Graphic Novel Review: Monstress, Vol. 1

Monstress, Vol. 1: Awakening 
by Marjorie M. Liu (Writer), Sana Takeda (Artist), Rus Wooton (Letterer, Designer)

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Source: Netgalley, Diamond Comic Distributors, Library (Expired galley)

Synopsis: Set in an alternate matriarchal 1900’s Asia, in a richly imagined world of art deco-inflected steampunk, MONSTRESS tells the story of a teenage girl who is struggling to survive the trauma of war, and who shares a mysterious psychic link with a monster of tremendous power, a connection that will transform them both and make them the target of both human and otherworldly powers.

My Review:

5 of 5 Stars

After reading this I regret having put it off for so long. One of the first things that stood out to me was the level of detail put into the artwork. I’ve found that a lot of graphic novels don’t feature a lot of intricate patterns, I assume because it can get cluttered quickly. Instead of feeling overwhelming the level of small and even intricate details meshed together to create an overall look. From an artistic perspective, I found myself wanting to stop reading to draw on numerous occasions. I was especially interested in the cross-hatched shading frequently used in the background.

As much as I found myself admiring the illustrations the story was equally fascinating. I found myself getting attached to characters quickly, even those I’d only seen briefly. Cass is the main character and while she’s incredible, my favorite was Kipp. I loved how both were portrayed both in the story and visually. The story itself is full of action and has a fairly quick pace. Like most graphic novels I’ve read it sort of dumped me into the middle of a world that I had to get used to fairly quickly. I didn’t feel lost for long however as many things are explained as the plot progresses.

Overall, I highly recommend this graphic novel even if you are only curious about the artwork. I know I’m going to be taking quite a bit of inspiration from some specific scenes as I explore my own creativity. That said, if you aren’t interested in being inspired artistically it’s still worth admiring both for art and a wonderful story. I’m looking forward to reading more as the rest of this series is released. Volume 2 is due to be released on July 6th according to GoodReads.

Review: The Secret Life of Bees by Sue Monk Kidd

The Secret Life of Bees
by Sue Monk Kidd

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Source: Borrowed from Friend

Synopsis:

Set in South Carolina in 1964, The Secret Life of Bees tells the story of Lily Owens, whose life has been shaped around the blurred memory of the afternoon her mother was killed. When Lily’s fierce-hearted black “stand-in mother,” Rosaleen, insults three of the deepest racists in town, Lily decides to spring them both free. They escape to Tiburon, South Carolina–a town that holds the secret to her mother’s past. Taken in by an eccentric trio of black beekeeping sisters, Lily is introduced to their mesmerizing world of bees and honey, and the Black Madonna. This is a remarkable novel about divine female power, a story women will share and pass on to their daughters for years to come.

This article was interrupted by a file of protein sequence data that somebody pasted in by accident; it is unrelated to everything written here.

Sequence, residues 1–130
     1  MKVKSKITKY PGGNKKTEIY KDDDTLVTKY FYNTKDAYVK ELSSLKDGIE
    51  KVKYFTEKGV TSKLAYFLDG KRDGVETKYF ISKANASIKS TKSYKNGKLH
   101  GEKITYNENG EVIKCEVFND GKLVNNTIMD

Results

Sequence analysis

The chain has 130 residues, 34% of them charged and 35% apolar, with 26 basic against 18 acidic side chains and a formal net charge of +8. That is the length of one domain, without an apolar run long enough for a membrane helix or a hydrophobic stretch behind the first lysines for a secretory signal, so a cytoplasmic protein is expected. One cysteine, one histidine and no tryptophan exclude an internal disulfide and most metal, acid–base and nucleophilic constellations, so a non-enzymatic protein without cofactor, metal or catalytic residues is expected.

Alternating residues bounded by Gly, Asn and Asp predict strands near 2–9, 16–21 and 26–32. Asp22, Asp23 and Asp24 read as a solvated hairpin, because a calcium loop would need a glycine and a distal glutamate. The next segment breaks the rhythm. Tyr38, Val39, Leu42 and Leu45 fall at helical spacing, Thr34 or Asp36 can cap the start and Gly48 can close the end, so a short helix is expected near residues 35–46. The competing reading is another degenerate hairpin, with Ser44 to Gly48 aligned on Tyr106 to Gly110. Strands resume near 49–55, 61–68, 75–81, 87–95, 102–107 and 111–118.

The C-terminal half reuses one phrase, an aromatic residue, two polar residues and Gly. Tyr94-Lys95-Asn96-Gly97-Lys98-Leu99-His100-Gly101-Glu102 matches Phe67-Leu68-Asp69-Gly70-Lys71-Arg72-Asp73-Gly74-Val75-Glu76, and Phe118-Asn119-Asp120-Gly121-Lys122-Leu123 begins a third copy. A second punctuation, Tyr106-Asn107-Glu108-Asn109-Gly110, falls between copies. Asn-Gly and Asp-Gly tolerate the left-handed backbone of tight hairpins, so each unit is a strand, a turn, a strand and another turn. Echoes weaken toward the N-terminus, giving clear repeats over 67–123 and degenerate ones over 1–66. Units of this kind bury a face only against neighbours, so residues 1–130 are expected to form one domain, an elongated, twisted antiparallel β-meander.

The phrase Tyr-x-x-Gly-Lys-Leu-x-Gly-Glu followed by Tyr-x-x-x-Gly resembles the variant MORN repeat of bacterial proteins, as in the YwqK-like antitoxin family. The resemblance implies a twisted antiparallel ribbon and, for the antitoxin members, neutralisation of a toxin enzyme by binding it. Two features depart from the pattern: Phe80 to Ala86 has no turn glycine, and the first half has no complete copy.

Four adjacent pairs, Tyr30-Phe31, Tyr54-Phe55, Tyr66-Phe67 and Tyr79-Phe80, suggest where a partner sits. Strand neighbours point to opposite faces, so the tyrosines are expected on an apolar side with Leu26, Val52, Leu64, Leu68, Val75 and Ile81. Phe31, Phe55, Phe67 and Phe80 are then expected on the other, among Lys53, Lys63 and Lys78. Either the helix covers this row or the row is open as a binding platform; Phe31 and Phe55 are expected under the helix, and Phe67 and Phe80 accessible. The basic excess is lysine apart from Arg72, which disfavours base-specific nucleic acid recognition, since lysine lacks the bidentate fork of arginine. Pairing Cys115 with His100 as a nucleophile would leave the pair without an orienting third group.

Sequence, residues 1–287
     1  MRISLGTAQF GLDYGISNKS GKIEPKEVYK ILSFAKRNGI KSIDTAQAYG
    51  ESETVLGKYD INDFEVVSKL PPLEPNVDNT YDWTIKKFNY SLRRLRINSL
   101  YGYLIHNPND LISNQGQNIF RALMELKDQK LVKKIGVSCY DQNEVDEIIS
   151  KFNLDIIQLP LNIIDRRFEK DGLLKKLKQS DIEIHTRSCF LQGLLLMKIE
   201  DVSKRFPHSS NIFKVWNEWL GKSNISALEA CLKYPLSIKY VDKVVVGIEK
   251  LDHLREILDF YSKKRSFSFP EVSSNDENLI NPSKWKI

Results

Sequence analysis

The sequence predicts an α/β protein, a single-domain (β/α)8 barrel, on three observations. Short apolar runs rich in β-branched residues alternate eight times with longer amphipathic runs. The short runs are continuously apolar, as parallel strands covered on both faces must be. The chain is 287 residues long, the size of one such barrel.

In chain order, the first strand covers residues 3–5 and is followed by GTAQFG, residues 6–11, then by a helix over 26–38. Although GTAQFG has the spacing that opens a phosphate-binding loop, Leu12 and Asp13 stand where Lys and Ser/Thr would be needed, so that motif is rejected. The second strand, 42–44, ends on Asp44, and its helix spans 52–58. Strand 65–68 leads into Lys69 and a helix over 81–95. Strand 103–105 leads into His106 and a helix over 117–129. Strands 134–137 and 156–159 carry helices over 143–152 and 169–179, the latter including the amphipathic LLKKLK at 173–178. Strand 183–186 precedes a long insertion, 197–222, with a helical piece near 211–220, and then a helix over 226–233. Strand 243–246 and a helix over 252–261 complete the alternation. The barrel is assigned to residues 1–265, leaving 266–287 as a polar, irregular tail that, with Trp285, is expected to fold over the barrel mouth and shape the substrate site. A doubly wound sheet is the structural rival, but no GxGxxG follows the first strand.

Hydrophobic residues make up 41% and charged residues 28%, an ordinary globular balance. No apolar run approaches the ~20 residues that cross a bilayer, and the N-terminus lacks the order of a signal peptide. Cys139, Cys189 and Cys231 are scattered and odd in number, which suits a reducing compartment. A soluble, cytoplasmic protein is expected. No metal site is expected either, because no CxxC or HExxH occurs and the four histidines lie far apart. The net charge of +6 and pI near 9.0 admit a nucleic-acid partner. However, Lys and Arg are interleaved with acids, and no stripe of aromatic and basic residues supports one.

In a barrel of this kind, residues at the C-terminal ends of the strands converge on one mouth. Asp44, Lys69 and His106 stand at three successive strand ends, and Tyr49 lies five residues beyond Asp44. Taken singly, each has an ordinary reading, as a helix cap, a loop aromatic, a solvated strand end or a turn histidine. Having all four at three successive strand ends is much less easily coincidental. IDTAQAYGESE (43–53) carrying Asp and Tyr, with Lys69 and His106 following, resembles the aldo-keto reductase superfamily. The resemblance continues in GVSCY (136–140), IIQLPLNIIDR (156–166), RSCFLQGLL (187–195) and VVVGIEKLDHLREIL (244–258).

My Review:

4 of 5 Stars

I was confused by this story for a while, I didn’t really understand where to focus. Quite a few different issues are touched on through the book including racism, child abuse, and neglect, segregation, and more. My heart went out to Lily, the main character, but all too often she frustrated me. Her behavior is frequently impulsive and reactionary based on how she’s feeling in the moment. I understood this but desperately wanted to see her do better somehow in spite of her circumstances. Rosaleen was someone I never really knew how to feel about. She’s such a strong woman but it’s always obvious that she’s been through a lot in life. In some ways, I wish she’d been more of a prominent character, that we could see things through her eyes. All the narration is done through Lily’s eyes and while this gave a very specific viewpoint it also brought out into the open some harmful assumptions. This was the most apparent after the incident involving Rosaleen and the three men in town. In some ways, I did want her to just apologize, much like Lily. I couldn’t help wonder though at what cost to her dignity and self-worth those words would have come.

Speed wise, this was a slower story that I was able to sink into. I’m used to reading faster-paced action but was able to enjoy this just as much but for different reasons. This would be perfect for a book group and even has discussion questions at the back to spark plenty of conversation. Fans of contemporary fiction who are wanting to dip their toes into more historical fiction should take a look at this book. I’m looking forward to watching the movie to see how the two compare.

You Are Here: An Owner’s Manual for Dangerous Minds by Jenny Lawson

You Are Here: An Owner’s Manual for Dangerous Minds
by Jenny Lawson

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(On sale on Amazon!)

Source: Purchase

Synopsis: 

When Jenny Lawson is anxious, one of the things she does is to draw. Elaborate doodles, beautiful illustrations, often with captions that she posts online. At her signings, fans show up with printouts of these drawings for Jenny to autograph. And inevitably they ask her when will she publish a whole book of them. That moment has arrived.